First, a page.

“How was last night?” I ask my brother and his mate over brunch and my brother bursts into immediate laughter.
“Oh no,” I groan, “what did you boys get up to this time?” I ask and order an extra large cappuccino, knowing I’ll need it to get me through the explanation.
“Pinky here,” (that is not his real name by the way. For some reason I feel the need to protect his identity so that anyone reading this doesn’t forward it to every single female they know and destroy his chances at happiness forever). “Pinky here,” says my brother, “couldn’t come up with the name of the girl he’d just had relations with when she asked him in post-coital bliss.”
“Oh poor girl,” I commiserated, “what happened then?”
“She asked me to leave,” said Pinky, managing – sort of – to look like he felt bad. “She’d broken up with her boyfriend six months ago and I was her first…ah, foray into the single world shall we say.” Then he retold the story in that nonchalant, ‘I don’t understand the way women think’ tone that I’ve been hearing from my brothers for years. “She got really upset and started telling me all about her ex and how she knew this was a bad idea and what was she thinking and so on, and then she started to cry and said; ‘I knew I shouldn’t have done this, look what happened, I hooked up with a guy who can’t even remember my name.’”
Pinky looked up from his latte and shrugged.
“Then she said she was never going to do this again, and I felt bad," he continued. "Don’t say that, I said; don’t rule out something so fun just because I can’t remember your name. If I see you in two years time I’ll be able to tell you what you are wearing – were wearing – and what we talked about tonight, but I’m rubbish with names, that’s all. I never remember anyone’s names, this happens all the time.” (And even he will concede that this was perhaps not the best thing to finish with). “But she still told me to leave,” he said not sounding very repentant at all. “I’m going to go back and try to apologise, I don’t want to turn her off this sort of activity forever.”
“Oh, so you’ll apologise out of your deeply felt civic responsibility is that it?” I ask, walking a fine line between loving my brother’s friend and wanting to sock him square in the face in defence of the unnamed lady’s honour.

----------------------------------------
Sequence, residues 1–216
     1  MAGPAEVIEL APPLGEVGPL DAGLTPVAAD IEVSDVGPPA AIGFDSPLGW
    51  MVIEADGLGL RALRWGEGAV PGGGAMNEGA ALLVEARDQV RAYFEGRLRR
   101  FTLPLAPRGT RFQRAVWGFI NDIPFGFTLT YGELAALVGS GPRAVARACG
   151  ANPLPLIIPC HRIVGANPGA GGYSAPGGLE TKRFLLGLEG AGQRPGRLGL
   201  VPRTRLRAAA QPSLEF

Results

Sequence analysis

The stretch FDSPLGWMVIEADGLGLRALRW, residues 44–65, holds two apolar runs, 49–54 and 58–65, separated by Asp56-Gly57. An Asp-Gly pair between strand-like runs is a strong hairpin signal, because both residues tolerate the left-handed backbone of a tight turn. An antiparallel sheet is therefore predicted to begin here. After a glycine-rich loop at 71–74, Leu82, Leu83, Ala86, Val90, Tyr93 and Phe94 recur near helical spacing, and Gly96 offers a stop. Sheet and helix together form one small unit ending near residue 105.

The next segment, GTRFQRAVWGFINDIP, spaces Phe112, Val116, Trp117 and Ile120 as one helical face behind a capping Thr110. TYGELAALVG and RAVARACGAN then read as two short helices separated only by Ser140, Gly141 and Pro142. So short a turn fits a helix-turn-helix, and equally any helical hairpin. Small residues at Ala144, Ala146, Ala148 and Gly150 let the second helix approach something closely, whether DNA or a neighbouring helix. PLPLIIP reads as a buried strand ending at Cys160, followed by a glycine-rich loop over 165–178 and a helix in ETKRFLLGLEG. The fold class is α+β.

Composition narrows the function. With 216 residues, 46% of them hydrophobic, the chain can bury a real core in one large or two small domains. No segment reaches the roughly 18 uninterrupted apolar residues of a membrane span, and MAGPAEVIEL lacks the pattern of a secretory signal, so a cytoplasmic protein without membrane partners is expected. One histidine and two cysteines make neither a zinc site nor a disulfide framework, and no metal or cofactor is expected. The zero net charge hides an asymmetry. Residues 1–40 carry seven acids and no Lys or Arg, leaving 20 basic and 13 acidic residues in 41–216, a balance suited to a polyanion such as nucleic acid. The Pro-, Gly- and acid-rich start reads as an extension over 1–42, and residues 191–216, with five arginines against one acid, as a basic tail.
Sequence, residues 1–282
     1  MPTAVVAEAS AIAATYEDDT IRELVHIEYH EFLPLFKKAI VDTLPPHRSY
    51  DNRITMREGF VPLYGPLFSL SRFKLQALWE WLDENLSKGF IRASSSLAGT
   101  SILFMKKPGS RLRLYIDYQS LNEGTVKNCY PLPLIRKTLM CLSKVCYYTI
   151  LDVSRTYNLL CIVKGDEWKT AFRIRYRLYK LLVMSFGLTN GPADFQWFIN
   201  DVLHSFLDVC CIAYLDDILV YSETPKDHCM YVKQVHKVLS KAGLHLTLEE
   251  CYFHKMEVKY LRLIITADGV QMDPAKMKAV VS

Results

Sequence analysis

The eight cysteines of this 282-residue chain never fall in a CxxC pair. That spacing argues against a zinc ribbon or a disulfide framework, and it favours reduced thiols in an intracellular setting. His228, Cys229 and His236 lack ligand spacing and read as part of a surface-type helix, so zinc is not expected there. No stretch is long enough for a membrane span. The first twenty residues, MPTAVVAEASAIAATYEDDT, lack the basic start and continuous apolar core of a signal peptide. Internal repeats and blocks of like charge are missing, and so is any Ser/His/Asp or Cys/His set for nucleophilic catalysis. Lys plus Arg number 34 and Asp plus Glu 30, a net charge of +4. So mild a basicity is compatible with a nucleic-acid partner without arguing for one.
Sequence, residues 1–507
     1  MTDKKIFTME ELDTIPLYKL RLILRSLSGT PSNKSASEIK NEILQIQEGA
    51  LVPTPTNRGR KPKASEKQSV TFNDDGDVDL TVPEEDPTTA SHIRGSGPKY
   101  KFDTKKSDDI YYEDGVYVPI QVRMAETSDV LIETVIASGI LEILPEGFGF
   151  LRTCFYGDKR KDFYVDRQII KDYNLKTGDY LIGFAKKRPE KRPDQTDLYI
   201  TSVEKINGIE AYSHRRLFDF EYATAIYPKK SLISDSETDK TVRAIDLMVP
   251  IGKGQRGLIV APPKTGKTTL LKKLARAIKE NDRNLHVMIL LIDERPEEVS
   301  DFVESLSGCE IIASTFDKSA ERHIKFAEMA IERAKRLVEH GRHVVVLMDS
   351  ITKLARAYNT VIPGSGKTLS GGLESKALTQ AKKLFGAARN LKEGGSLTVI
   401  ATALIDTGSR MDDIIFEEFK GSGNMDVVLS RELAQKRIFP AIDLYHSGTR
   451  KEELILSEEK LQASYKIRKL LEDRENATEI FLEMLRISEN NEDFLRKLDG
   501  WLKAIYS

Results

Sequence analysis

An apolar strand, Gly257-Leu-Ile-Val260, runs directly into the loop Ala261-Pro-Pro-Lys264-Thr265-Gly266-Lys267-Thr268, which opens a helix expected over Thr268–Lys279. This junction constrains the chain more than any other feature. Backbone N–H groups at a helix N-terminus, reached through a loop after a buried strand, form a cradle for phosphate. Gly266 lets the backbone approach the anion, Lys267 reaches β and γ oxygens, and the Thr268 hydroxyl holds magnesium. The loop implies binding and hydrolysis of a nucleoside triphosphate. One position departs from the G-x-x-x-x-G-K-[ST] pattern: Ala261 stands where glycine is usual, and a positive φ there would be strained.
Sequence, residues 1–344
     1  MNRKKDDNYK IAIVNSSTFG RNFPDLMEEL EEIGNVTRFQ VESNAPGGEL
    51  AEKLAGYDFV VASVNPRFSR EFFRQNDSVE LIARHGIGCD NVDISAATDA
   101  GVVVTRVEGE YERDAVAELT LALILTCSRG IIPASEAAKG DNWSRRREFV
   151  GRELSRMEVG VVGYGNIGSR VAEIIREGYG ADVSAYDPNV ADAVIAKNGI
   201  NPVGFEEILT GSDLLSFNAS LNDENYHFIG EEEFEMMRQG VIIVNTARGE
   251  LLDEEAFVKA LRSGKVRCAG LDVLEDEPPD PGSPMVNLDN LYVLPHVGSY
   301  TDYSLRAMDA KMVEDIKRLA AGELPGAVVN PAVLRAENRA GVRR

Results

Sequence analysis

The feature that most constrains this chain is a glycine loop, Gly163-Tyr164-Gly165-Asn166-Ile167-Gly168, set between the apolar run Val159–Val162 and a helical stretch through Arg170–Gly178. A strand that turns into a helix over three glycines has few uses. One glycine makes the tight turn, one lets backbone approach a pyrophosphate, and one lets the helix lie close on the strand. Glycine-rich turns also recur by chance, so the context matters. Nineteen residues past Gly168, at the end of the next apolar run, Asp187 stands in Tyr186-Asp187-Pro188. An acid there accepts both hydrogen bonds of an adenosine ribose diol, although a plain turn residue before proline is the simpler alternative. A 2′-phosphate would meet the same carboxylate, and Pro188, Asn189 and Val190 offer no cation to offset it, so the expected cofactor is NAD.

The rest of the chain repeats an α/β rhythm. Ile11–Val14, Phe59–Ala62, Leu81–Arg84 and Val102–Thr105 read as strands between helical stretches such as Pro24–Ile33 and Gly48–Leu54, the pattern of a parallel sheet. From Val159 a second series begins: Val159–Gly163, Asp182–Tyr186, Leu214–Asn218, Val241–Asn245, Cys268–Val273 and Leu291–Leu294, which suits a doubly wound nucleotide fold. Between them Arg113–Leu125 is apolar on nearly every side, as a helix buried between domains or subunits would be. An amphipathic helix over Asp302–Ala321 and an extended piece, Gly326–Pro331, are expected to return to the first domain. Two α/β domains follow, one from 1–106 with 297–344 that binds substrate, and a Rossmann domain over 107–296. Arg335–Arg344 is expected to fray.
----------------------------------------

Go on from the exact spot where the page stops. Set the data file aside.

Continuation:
“She was a bit of a looker,” says my brother, “it is his civic responsibility. He’s apologising so hope is maintained for the rest of mankind.”
“You two are outrageous,” I rage, “that girl is somebody’s sister, daughter. You have to show her more respect than that!”
“Oh Nome,” protests my other brother who has been sitting silently by my side, “she knew what she was doing. She approached him remember. Pinky promised her a good time, he never said he’d remember who she was.”
I shake my head because I know he is right, and just then my little peanut stirs and I am hit with the horrid reality that in eighteen years – quite possibly even less – my daughter will be navigating this very minefield herself. A minefield her mother never even ventured into, knowing that with her poor navigation skills, she was certain to step on any and all Improvised Explosive Devices within a ten kilometer radius. I would be no help to her whatsoever. And Lord knows what sort of a minefield it will be like in eighteen-odd years, what kind of technological advancements she’ll be using, what sort of diseases and pick-up lines she’ll have to avoid, and it’s hardly an environment her mother can venture into just to make sure she’s safe.
And there’s the rub. That’s my job. To love and protect. How dare someone expect me to be remiss in my duties!
But, I didn’t give her life not to let her live it.
So between now and then, I’ll do my best to instill a sense of self-worth, a clever mind, a thoughtful heart, and then I’ll tell her to make sure they remember her name first.